Being Boulder Bound means I am hitting the road to see what there is to see. On the road. I almost feel like Jack Kerouac using the “essentials of spontaneous prose” to outline my journey. Before, during and after the retreat I will share my existence and experiences with a couple of talented writers exploring the depths of our visions and talents. Unlike Kerouac, I will probably skip the substance abuse and sexual experimentation.

Okay, for anyone who does not know about Jack Kerouac and his book On the Road which was published the year I was born, please Google now. I will wait.

I have several writing projects, but while in Colorado, I will be working on one in particular. This project involves my writing about growing up in Memphis, Tennessee during the 60’s and 70’s. Like now, it was a time of great change in both me as a person and in the society and culture that surrounds me.

Wish me luck with my journey! I will keep you posted on everything (or almost everything) that happens.

My Why for a Blog “Yes!”

The idea dropped in like a dream.

Start a blog for the road trip part of your Colorado writing retreat. Then use your earned knowledge and skills for the later novel road trip. 

After a lifetime as a hired writer for others’ words, I’m shoulder‐deep in my first novel. It’s a classic journey story about a woman who hits the road to reconnect with old college friends. She finds them — and, of course, herself — along the way.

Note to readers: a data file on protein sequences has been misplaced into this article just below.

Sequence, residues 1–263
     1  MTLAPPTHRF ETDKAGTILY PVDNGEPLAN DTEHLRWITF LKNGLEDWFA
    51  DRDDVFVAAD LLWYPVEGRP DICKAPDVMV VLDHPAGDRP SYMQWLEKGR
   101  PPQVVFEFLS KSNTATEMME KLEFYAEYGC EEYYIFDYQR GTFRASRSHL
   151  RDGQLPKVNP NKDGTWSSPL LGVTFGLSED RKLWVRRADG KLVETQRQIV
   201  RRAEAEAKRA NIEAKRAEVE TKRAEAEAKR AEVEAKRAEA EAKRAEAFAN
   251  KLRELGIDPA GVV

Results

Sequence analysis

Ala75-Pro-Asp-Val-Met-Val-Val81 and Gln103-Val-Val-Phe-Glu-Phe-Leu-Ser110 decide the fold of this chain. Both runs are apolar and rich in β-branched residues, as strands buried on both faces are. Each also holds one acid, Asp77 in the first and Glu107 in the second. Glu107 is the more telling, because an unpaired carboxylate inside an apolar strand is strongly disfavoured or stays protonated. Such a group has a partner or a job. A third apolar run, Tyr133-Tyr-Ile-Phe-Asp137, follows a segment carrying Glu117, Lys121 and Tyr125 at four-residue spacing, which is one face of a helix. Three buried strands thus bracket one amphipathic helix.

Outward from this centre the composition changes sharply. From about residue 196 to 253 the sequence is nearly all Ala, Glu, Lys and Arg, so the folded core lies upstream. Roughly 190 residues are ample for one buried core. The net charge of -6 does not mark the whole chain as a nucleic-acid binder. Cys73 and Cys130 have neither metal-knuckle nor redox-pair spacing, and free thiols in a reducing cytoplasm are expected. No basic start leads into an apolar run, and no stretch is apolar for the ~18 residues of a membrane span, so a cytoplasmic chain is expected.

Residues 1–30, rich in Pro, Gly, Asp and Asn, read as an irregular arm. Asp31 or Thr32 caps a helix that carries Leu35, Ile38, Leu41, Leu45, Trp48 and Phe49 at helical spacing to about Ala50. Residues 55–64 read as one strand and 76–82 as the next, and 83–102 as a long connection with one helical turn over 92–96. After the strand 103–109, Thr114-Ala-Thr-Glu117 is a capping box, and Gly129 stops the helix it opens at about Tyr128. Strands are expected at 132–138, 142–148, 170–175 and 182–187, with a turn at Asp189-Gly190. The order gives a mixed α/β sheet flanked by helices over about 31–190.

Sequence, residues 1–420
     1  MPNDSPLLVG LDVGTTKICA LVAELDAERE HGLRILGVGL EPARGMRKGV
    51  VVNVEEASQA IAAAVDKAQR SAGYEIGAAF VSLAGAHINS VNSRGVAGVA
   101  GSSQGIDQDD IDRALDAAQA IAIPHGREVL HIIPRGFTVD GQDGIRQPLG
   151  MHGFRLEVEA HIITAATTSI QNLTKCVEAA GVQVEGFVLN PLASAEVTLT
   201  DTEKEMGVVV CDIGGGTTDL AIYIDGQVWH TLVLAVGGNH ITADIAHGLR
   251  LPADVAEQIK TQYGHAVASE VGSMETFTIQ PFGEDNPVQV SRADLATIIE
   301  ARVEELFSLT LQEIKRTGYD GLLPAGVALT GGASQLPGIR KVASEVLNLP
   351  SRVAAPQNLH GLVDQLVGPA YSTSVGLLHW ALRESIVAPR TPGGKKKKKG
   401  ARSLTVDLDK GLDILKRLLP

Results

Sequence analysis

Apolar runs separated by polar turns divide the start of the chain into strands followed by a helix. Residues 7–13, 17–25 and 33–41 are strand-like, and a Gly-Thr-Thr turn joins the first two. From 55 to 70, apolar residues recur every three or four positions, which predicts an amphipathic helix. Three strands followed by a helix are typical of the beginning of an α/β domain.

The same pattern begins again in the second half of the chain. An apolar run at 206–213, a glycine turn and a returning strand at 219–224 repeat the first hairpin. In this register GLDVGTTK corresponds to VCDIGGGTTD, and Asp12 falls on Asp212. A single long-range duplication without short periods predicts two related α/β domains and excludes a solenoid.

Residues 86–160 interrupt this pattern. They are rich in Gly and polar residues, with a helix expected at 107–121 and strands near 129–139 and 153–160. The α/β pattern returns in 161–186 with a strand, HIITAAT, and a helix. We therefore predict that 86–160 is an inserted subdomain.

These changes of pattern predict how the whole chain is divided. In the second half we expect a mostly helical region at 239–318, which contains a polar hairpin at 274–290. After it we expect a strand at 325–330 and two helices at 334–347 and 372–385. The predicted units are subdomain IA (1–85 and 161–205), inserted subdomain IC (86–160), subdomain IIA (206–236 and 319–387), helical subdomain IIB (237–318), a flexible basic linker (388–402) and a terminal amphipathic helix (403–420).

I’ve been working on this novel for nearly 11 years now. Here’s a sampling of what’s accumulated:

Two of five piles: more eek!  
Eek! Here’s h‐a‐l‐f the jump drives that contain my WIP.

And that’s only part of it. Real Life got in the way. During one five‐year period, my extended family experienced a hospitalization or a funeral, on average, every three months. Non‐stop. Did I mention that 14 of those hospitalizations involved me and my brain?

Writing fell victim to healing. Despite the lengthy interruption and massive accumulation, I return to writing with a goal of novel completion this year. The plan includes this blog in that strategy.

Learn how to blog on a road trip. Make this fun. Keep it relaxed, and easy. As relaxed and easy as WordPress can be.

Write like a fiend. Remember, everything on the road is a potential blog post, be it words, photos, or video.

Report like a wise version of the reporter you used to be. Seek the unique in whatever form it manifests.

Observe, observe, observe.

Demonstrate what a founding member of the RoadBroads does. Prove it can be done.

You’re never too old to learn.

Besides, one good road trip must lead to another.

It all makes perfect sense.

I think.

About this Blog

This blog came to life, courtesy Ellen, who prefers road travel to soaring skyward. She suggested driving to a Colorado‐based writing retreat in June, 2018.

Melanie answered with two words, one of which can be repeated in mixed company. Young children, however, would probably be confused. C’est le vie — it wouldn’t be the first time either of us has been misunderstood.

Post‐writing retreat, we contemplated life sans RoadBroads. Should we continue this blog? We both proclaimed a loud two‐word answer, identical to Melanie’s reply to Ellen’s initial query. Amazing what happens when two women writers get to know each other on the road.

We’ve dialed back the blogging to one post each per week. Periodically, we’ll post a guest blogger — another woman writer, on the road — reporting some kind of trip and what she’s learned.

We can all learn from each other.

Looking forward to the lessons offered via observations, discoveries, and experiences. The good. The bad. The ugly. Adventure is all this, most especially the ugly. 

It’s only roadtrips. With two broads and some special guests.

Join us?